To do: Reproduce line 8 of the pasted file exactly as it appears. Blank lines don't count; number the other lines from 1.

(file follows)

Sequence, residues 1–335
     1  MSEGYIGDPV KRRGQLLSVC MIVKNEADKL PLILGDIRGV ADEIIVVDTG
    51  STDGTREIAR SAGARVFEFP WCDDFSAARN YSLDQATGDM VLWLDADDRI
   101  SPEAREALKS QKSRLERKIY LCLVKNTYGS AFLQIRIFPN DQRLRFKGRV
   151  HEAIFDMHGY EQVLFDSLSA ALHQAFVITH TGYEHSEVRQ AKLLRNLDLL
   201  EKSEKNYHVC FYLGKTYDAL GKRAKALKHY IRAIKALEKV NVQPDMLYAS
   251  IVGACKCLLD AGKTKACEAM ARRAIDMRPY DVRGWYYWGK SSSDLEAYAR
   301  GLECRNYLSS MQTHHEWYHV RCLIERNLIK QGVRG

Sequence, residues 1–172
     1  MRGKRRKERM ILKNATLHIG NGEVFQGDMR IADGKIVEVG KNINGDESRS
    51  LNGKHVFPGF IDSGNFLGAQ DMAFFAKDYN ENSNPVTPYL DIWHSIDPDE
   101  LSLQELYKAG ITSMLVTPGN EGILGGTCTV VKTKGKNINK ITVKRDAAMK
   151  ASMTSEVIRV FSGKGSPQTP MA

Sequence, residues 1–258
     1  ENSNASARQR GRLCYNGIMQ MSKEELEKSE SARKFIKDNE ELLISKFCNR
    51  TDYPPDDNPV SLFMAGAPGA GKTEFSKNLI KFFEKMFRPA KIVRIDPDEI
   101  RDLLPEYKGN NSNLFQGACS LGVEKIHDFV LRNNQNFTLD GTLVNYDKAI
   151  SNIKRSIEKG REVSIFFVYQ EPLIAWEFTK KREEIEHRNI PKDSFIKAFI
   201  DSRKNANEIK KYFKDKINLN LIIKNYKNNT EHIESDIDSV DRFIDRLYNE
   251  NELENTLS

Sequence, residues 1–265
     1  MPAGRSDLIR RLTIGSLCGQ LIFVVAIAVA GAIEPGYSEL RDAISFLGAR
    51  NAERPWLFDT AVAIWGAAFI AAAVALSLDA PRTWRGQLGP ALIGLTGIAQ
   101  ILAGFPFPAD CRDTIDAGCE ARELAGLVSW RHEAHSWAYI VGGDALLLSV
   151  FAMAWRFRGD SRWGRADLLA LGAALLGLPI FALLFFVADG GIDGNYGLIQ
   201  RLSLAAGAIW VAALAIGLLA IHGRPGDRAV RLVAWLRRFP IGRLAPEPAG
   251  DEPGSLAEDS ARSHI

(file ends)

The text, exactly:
   301  GLECRNYLSS MQTHHEWYHV RCLIERNLIK QGVRG